After the vet has made a thorough assessment of your dog’s condition, they will be able to recommend a suitable course of treatment. Ordinarily, vets will be hesitant to perform surgery on the growths, as this can result in complications such as damage to the anus or bacterial infections. As such, direct physical intervention is considered a last resort, with less invasive methods being strongly preferred in all but the most severe and debilitating of cases. Instead, the vet will use treatments such as topical creams to ease the irritation and shrink hemorrhoids and dietary supplements can be used to tackle the root cause of the issue. Supplements can also be used to soften your dog’s feces in order to lessen their effect on the growth. Over time, the blood vessel should return to a semblance of its normal state, allowing the dog to resume normal activity and letting you make the necessary changes to their lifestyle in order to prevent the condition from reoccurring.
During the recovery period, it may be necessary for your furry companion to wear a protective collar in order to prevent them from biting at the hemorrhoids and further aggravating them. Measures should also be taken to prevent them from dragging their bottom across the floor in a bid to soothe the irritation, as this too can cause problems.
- In all animals, if hemorrhoids are left untreated and the root cause is not resolved, there is a high probability that the condition will get worse. This can lead to extreme discomfort, internal bleeding, and bacterial infections.
- Hardened stools can be a cause and aggravating factor for the growths, meaning that all animals can benefit from more fiber being added to their diet in order to aid the passing of feces.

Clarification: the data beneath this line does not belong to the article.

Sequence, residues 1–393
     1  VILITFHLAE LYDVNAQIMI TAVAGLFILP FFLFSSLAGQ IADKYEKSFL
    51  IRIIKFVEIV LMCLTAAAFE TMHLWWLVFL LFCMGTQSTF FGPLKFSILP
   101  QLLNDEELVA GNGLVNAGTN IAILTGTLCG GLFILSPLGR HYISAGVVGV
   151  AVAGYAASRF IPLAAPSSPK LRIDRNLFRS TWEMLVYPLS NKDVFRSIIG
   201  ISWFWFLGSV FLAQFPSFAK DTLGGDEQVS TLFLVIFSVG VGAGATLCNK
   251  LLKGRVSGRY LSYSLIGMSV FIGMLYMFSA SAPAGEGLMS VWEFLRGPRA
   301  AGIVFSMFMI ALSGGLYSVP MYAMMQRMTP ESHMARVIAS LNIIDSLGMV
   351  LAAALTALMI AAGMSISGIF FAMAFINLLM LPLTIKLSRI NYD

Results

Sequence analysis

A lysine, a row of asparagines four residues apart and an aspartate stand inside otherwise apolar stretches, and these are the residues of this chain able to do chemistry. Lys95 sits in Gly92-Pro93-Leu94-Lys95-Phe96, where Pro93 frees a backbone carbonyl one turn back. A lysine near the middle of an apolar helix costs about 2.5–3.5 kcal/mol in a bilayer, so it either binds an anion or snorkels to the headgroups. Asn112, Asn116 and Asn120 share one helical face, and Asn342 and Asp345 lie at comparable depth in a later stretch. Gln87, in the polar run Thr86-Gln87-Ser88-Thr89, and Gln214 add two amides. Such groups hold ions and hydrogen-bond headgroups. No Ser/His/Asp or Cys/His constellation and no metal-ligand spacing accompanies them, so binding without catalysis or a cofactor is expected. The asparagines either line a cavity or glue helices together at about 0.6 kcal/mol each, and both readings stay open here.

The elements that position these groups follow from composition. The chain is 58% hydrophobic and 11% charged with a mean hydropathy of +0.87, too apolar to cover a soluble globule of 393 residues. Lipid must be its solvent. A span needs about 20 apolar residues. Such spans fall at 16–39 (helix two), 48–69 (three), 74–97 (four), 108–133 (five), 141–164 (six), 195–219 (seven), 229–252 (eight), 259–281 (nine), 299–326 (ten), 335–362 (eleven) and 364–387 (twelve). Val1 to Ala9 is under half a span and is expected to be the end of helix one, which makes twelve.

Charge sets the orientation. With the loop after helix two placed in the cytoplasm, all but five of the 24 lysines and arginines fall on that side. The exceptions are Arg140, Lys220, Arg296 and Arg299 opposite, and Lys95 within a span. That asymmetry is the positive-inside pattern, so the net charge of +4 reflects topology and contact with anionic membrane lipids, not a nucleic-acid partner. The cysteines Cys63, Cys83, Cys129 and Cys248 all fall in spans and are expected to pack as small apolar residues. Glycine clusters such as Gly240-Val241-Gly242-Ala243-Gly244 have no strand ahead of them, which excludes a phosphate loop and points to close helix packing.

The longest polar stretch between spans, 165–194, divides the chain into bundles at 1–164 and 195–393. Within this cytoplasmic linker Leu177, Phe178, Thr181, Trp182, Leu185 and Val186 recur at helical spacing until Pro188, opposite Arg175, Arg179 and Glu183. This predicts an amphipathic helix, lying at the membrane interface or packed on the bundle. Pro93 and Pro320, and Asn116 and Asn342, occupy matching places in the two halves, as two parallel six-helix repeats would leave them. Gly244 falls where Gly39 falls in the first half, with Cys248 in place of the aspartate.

- Older animals are especially susceptible to hemorrhoids, mainly as a result of poor dietary habits and an increased incidence of other potentially related health problems such as gastrointestinal issues.
- While humans and many other mammals will typically develop hemorrhoids as a result of a poor diet or chronic dehydration making it necessary to strain in order to pass feces (resulting in an enlargement of blood vessels around the anus), dogs will commonly develop the problem due to intestinal diseases causing long-lasting irritation of the anus and will normally not respond as badly to dehydration, etc.
- While the condition is usually quite easy to self-diagnose in humans due to its distinctive appearance, dogs have a number of other structures surrounding the anus, meaning that other problems (such as inflamed glands or even tumors) are often mistaken for hemorrhoids.
- One of the ways in which severe cases of hemorrhoids are treated in humans is via the use of a rubber band to constrict the blood vessel and lessen its capacity, making it shrink down quite quickly. Due to the self-control needed to not disturb the band. However, this method is rarely used on dogs.
An elderly German Shepherd is presented to a vet clinic with what appears to be a swollen anal gland that is causing it a fair amount of discomfort. Upon closer inspection, however, it is revealed that the problem mass is, in fact, a hemorrhoid that is hanging out of the anus itself. In order to resolve the immediate irritation felt by the dog, the vet prescribes an anti-hemorrhoid cream that will both soothe the itching and help shrink the blood vessel back down.
Further investigation reveals that due to the fact that the pooch is recovering from a recent serious stomach illness, the dog has only been eating dried foods with a low nutritional value for the past few months. To help rectify this, the vet prescribes a dietary fiber supplement and recommends a meal plan to get the dog used to eat normal healthy food again. Within a month, the hemorrhoid had shrunk back down and the dog is pain-free.